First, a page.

Last year National Cancer Survivors Day was over before I even knew it existed. I kind of shrugged it off. This year I was alerted to its approach via social media. And this year I’m decidedly not enthused about it.
I see the website, with tidbits like: “On Sunday, June 1, 2014, cancer survivors across the globe will unite to show the world what life after cancer looks like.” (Aside: that confuses me—is it “national”, which nation, but the around the globe quote seems it should be called international day????) Or, the tidbit mentioned on other blogs that the day is show life after cancer can be better?
Admittedly, I’m in a very bad mental space lately. Since March, I’ve had one health issue after another, starting with a suspicious mammogram that led to a relieving MRI that showed no evidence of recurrence-at least in my breasts. But after that it’s been other health issues, drugs with bad side effects, or maybe not—still trying to figure out what is going on with me. Meanwhile, I feel crappy, and I am torturing myself that all this indicates cancer is back somewhere else. I felt kind of “blah” the summer before I was diagnosed. And yes, I had that clear mammogram a mere 5 weeks before I was diagnosed with a big ass tumor that first time. So sorry, but I don’t have much patience in this process of trying to figure out my health problems without considering what I fear most.
So I’m not up to showing the world what life after cancer looks like—for me, it has been just riddled with fear, anxiety, and panic. Even if what is happening to me now is not recurrence, the fact I’m having such a difficult time tolerating or resolving new, other health issues just shows how much cancer has damaged my body—made me weaker and not as able to shake off what someone my age who has not had cancer might be able to do so easily. No, I don’t think the folks behind this event want me as a poster child for what life after cancer looks like. I wish I did look and feel like those smiling people in the survivor pictures, swimming, being active, oddly resembling ads for feminine hygiene products. Oh yes I went there. I may feel terrible, but I can’t stop my sarcasm.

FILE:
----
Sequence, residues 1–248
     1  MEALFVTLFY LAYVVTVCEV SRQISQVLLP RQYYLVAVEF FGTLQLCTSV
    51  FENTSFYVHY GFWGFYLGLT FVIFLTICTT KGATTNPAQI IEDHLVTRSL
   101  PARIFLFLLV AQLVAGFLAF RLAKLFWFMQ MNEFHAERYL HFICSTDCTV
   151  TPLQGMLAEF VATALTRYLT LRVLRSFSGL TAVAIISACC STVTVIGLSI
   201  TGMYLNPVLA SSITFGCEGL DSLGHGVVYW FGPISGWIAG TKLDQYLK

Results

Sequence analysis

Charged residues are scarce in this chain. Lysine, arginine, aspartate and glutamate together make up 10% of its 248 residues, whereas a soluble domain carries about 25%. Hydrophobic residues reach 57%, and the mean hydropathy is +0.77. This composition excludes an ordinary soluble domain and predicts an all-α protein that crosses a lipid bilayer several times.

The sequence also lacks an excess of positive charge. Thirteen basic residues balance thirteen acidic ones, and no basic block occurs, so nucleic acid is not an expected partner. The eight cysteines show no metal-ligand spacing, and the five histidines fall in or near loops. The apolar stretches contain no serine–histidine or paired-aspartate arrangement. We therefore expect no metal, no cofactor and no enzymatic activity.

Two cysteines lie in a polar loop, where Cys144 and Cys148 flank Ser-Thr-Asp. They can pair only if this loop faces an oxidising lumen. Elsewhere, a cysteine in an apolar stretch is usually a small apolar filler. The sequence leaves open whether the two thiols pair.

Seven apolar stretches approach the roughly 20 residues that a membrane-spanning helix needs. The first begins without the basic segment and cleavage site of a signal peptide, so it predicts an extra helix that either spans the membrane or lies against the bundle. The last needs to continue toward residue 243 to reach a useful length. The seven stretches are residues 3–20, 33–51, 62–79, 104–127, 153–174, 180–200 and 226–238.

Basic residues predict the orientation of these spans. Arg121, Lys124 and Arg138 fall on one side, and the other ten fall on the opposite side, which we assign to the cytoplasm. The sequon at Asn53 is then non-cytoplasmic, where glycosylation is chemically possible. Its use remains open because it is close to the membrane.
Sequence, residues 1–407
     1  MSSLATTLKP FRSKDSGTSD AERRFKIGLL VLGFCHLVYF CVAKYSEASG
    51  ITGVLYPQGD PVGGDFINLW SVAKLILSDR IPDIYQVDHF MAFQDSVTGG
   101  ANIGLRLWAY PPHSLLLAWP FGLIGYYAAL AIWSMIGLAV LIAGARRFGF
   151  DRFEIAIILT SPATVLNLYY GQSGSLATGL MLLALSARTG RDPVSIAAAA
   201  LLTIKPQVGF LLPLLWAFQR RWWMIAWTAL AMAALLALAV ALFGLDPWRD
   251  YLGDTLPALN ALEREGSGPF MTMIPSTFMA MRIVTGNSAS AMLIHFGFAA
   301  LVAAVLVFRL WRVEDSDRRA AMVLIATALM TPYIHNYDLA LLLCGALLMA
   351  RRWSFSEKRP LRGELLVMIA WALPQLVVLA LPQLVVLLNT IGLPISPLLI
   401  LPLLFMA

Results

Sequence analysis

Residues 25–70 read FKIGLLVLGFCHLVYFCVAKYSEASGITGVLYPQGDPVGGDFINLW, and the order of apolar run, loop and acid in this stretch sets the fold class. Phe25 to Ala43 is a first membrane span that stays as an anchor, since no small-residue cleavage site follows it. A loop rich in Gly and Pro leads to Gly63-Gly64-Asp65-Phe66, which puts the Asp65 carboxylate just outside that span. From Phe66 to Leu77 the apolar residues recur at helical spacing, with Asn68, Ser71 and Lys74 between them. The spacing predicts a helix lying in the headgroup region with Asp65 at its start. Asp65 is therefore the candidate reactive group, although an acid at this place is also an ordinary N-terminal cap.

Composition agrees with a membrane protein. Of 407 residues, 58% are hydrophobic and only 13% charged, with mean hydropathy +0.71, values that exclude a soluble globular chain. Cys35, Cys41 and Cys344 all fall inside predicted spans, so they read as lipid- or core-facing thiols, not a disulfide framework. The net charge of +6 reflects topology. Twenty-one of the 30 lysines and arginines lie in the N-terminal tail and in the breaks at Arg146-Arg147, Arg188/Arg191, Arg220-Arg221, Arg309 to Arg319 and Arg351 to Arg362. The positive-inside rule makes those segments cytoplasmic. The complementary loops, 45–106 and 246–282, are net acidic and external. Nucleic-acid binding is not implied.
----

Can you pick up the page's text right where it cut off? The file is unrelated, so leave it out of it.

As for that word survivor, once more for those in the back row—I do not consider myself a cancer survivor until I die of something else. I do not use it because my friends with Stage IV are not “losers”, and they are too often shut out of the rah-rah survivor discourse. I’ve written about this, and other cancer labels and language many, many times, so I’m putting links below to some of the ones I remember—I’m sure I’ve written about it in other posts that I’m just not remembering.
One final, parting shot thought: I’ve been merely re-posting old pieces lately. Yes, I’ve been too tired and feeling too crappy to write much. But that is not all. I find that I still feel mostly the same about all these issues. My mind has not changed too much. I used to think if I just kept writing and talking, the conversation about cancer could change. I no longer think that. I merely hope that at some point, the world will see there is not one single, happy story of cancer, there is not one “THE way” to do cancer (I’m thinking about that TV news person who introduced the clip of the dancing mastectomy woman by proclaiming her dance as “THE way to do cancer, folks”). At some point, I hope society will understand that there are thousands (millions?) of cancer stories out there, and no two are alike. And none of them are wrong. Taken together, they are the real, whole story of cancer.
The Other Other Language of Cancer
Why This Smart Ass Does Not Kick Ass